By now Marie-Emmanuelle Reytier had come to her view herself as a historian of religion, politics and society and a scholar of comparative histories. There was a profusion of articles in journals and collections of conference proceedings of various kinds. She was as much at home with the history of German Catholicism as she was with that of French Catholicism, but she was far more interested in the realm of lay activism than the manoeuvres of ecclesiastical powers. Her work showed that she had already become an accomplished surveyor of long chronologies and broad landscapes, but she was, if anything, more drawn to intricacies of personal and collective experience. A succession of short biographical studies was published bringing a succession of neglected figures, many of them women, into the foreground of historical appreciation. But Marie-Emmanuelle Reytier already perceived that her fortunes must be, at best, precarious in the national and secular worlds which defined the outlook of the French universities. In the European faculties of that time funding could be secured for what had come to be called ‘trans-national’ and ‘trans-cultural’ research and this offered some prospect of work on projects of various kinds. Looking to secure a post-doctoral position she turned towards the history of the international women’s movement. At a workshop in Hamburg in 2005 she met the historian, Angelika Schaser. It was an important connection. Together they were able to pursue an innovative seam of research into religious conversions in the border areas of France and Germany across the nineteenth century. But the search for a university position began to look increasingly desperate and it proved impossible to develop what had been begun. There was a brief stipendium at the University of Vechta in 2006 and then at the University of Mainz in the following year. At a meeting organized by the George Bell Institute in London she said very little in formal sessions but was rich in conversation, and here she found in the Polish historian, Dorota Schreiber-Kurpiers a new and vital friendship. This yielded another brief opportunity, this time a short lectureship, from 2007-9, at the University of Opole. Together Marie-Emmanuelle Reytier and Dorota Schreiber-Kurpiers now planned an innovative project exploring the relationship between military authorities and prostitution during the First World War, a matter never before touched by scholarship in that country. I remember well the quality of near-trepidation with which they outlined this to me, and how firmly they insisted that it was surely time that such a subject must be examined (though I should add that, for my part, I needed no convincing). For Marie-Emmanuelle Reytier the position at Opole was precious, but it also brought an immense burden of teaching. There was another flurry of applications – I remember writing many references for her, often more in hope than expectation – but to no avail. When Angelika Schaser met her again in 2009 she found her almost exhausted and dispirited, but still putting a brave face on it all. The University of Hamburg remained something of an academic home for her work.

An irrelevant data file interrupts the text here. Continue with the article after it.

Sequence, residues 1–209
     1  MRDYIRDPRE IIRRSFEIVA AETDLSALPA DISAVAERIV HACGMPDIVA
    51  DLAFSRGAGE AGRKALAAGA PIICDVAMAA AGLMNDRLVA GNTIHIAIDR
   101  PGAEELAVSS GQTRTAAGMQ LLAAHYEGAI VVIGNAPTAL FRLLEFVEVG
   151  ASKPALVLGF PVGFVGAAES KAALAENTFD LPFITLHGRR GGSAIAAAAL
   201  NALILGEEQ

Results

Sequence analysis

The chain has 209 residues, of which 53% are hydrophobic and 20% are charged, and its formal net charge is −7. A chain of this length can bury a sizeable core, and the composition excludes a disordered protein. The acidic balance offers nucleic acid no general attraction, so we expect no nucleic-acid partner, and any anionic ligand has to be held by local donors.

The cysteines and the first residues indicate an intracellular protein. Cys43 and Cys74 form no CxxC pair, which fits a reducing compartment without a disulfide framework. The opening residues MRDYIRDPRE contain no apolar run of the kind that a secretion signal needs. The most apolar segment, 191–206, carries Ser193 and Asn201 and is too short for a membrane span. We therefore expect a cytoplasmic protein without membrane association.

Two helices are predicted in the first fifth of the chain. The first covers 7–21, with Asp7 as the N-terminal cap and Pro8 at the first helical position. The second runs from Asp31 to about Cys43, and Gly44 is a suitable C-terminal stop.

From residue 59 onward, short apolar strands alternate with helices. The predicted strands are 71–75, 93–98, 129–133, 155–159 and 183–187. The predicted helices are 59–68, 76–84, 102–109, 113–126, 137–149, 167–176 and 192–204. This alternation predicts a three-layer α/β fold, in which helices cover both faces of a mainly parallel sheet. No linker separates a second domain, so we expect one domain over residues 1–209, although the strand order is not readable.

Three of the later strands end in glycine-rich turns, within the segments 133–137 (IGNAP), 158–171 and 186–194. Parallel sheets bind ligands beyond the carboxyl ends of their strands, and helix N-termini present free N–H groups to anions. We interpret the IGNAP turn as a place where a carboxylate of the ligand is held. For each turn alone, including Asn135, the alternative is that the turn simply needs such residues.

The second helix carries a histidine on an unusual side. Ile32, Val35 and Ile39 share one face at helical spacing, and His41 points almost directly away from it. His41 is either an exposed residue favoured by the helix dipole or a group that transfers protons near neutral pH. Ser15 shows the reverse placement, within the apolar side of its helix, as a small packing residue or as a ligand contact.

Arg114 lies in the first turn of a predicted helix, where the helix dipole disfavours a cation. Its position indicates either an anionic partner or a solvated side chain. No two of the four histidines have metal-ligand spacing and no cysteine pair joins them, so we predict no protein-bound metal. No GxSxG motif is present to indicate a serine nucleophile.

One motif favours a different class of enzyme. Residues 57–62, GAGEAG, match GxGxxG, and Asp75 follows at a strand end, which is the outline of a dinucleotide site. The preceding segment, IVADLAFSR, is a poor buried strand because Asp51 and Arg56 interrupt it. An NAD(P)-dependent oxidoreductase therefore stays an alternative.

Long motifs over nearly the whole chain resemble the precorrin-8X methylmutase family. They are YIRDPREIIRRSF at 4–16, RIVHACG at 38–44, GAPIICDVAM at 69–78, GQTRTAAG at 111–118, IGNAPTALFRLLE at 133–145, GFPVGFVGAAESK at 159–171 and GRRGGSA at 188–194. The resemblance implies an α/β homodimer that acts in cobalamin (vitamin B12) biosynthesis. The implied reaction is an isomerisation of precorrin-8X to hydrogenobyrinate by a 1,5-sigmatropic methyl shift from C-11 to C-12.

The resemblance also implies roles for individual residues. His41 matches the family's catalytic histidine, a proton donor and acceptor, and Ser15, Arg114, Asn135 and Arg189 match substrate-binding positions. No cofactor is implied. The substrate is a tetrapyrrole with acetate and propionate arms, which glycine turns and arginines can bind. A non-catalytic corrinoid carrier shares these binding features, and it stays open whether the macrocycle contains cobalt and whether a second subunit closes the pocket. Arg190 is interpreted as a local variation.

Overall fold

I think I have never known a scholar who was so ardent in seeking to write and publish what she had discovered in her work; always she appeared to be hunting for a home for something just finished. No other avenue opened before her. She soon became convinced that there was no future for her, and for the research in which she had come to believe, in Europe. She had some contacts in North America and believed there might be something to favour her there. Her command of English was excellent. A modest breakthrough occurred: Marie-Emmanuelle Reytier moved to Quebec and to a position at Laval University. Now she wrote a short study of the French journalist, Louise Weiss (in French, and as yet unpublished) and another, of the German politician Helene Weber (the fruit of scholarship from the Hiledegardis Association in Bonn). An article, presenting something of her earlier research on conversions in French Catholicism, was completed for the journal Kirchliche Zeitgeschichte (but not published). It was in Hamburg, shortly before Christmas in 2011, that Marie-Emmanuelle Reytier, discovered that she had developed an inoperable brain tumour. The following January treatment began in Canada, but little could be done. Friends rallied as best they could and they found her resilient, even optimistic. Far from Lyon and from the many cities which she had known so briefly, she died in hospital on 4 October 2012.
Huamin Toshiko Mackman grew up in a quite different world from that known to Markus Huttner and Marie-Emmanuelle Reytier. She was born in 1961 in Japan, to a Chinese father and a Japanese mother. Already as a child she was familiar with international travel; because her father worked for an American airline company she frequently flew alone to the United States and to Taiwan, journeys which made her family wonder if she possessed a distinctively independent and adventurous character. At elementary school she discovered the English language, often studying it late into the night and, it was feared, harming her eyesight. Much of these young years was devoted to caring for an ill mother: there was no money for university fees, but Huamin won a scholarship and duly repaid what she owed with the first job that she secured upon graduation. For a time she was employed as an interpreter by a Chinese trading company, often flying to China on business, much to the satisfaction of her father. Her parents died within weeks of each other when she was 27.